4 A-Words Are Red Flags for Narcissism

The 4 “A-Words”

Four “A-Words” are major red flags for narcissism. They are: attention, affirmation, adulation, and adoration. However, which of these a-words matters most to a narcissist depends where they lie on the narcissism spectrum. (See also: Character Disturbance, pp.  29-30.) Some narcissists primarily want attention. Others just want to be right, justified – affirmed. More pathological narcissists seek adulation. And the most pathological narcissists want to be adored. Legends in their own minds, they consider themselves worthy of worship.

Any of the 4 “A-words” is a red flag for possible narcissism. But, as mentioned above, how each ranks in importance matters. How these characteristics cluster matters, too. But it always pays to pay attention to them. That’s because they give you such valuable information about the kind of narcissist you might be dealing with.

Attention-Seekering Narcissists

Vain, vulnerable narcissists crave and seek attention. Now, as narcissists go, such folks aren’t generally very pathological or toxic. Still, they can bring significant problems to a relationship. They might flirt incessantly. Or they could be the archetypal drama creators. Because they feed attention, they constantly solicit it. When they get it, they’re satisfied or a minute. But attention alone can never satisfy.  That’s why they seek it over and over again.

Inveterate attention seekers are necessarily shallow in character. Accordingly, they can’t appreciate genuine love when comes their way. So, they settle for attention. And they’re always ready to put on a show. They might seek the spotlight. But they certainly don’t want light shining on the emptiness they have inside.

Affirmation and Narcissism

Affirmation is one of the red flags for narcissism. However, not everyone needing or craving affirmation is a narcissist. Insecure, ego-deficient folks seek affirmation. But they do so to feel good about themselves. Narcissists always want to be “right” or justified. And they want you to affirm that, whether or not they merit it. Narcissists also hate admitting mistakes. To do so would indicate weakness or inadequacy. So, when caught in error, they’ll twist reality or even re-invent history to make it seem like they were right all along. Naturally, these tactics create the “gaslighting” effect. (See also: In Sheep’s Clothing, pp. 133-137.)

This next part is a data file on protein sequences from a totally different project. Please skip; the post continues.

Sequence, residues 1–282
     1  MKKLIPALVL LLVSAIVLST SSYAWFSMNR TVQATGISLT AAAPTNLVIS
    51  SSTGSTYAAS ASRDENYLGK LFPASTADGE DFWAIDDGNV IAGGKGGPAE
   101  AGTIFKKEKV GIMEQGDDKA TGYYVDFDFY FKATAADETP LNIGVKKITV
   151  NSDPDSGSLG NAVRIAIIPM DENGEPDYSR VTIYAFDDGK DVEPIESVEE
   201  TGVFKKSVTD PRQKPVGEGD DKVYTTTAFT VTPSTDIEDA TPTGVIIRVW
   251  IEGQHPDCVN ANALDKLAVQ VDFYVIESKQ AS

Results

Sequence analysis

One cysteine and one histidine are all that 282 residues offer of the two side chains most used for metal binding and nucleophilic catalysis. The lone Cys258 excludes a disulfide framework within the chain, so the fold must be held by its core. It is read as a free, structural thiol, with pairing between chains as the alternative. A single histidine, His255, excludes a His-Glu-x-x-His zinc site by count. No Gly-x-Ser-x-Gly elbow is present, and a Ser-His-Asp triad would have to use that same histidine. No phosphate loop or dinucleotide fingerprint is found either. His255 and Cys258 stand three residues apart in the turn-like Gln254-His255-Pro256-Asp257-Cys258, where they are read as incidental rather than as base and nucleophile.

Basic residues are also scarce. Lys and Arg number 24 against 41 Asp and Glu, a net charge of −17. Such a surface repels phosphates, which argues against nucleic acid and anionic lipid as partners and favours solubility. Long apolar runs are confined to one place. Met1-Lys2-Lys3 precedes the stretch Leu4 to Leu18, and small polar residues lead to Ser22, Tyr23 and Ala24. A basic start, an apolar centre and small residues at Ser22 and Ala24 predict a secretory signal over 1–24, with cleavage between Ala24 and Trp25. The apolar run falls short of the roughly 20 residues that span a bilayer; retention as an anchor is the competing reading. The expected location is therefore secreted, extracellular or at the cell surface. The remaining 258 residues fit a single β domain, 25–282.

Adulation-Seeking: A Major Red Flag

Some narcissistic characters care only that you hold them in high esteem. But they don’t just want your admiration. Rather, they want you to be enamored of them. They want you to see them as “special” and important. They might imagine themselves as superstars, always basking in thunderous applause. It doesn’t really matter that they’ve done anything special or merit-worthy. It only matters that you look up to them. That confers upon them the all-important “position” they crave. That’s why adulation is one of the major red flags for narcissism. It’s also an indicator of a more pathological type of narcissism.

Some admiration-seekers a more subtle than others. But their core pathology is the same. Narcissists either innately feel or want to be seen as “superior.” Some cloak this desire in various ways. Others are not hesitant to openly solicit. You have to be much more wary of the more shameless solicitors.

Adoration-Seeking: A More Serious Warning Flag

Some narcissists want to be worshipped – adored. And, they feel they deserve it. They don’t really need you to see them as “special.” They’re already sincerely convinced of their special status. Accordingly, you are nobody in their eyes if you don’t appreciate what they see as their  obvious greatness. And they expect you to worship at their feet.

Seeking adoration is not just one of the red flags for narcissism. It’s an indication of the most pathological type of narcissism.

Character Matters

There’s a new edition of Character Matters available on YouTube. It continues a discussion on the nature of genuine love. And it focuses primarily on what love isn’t. It also speaks to the principles I talk about at lenth in my new book Essentials for the Journey.

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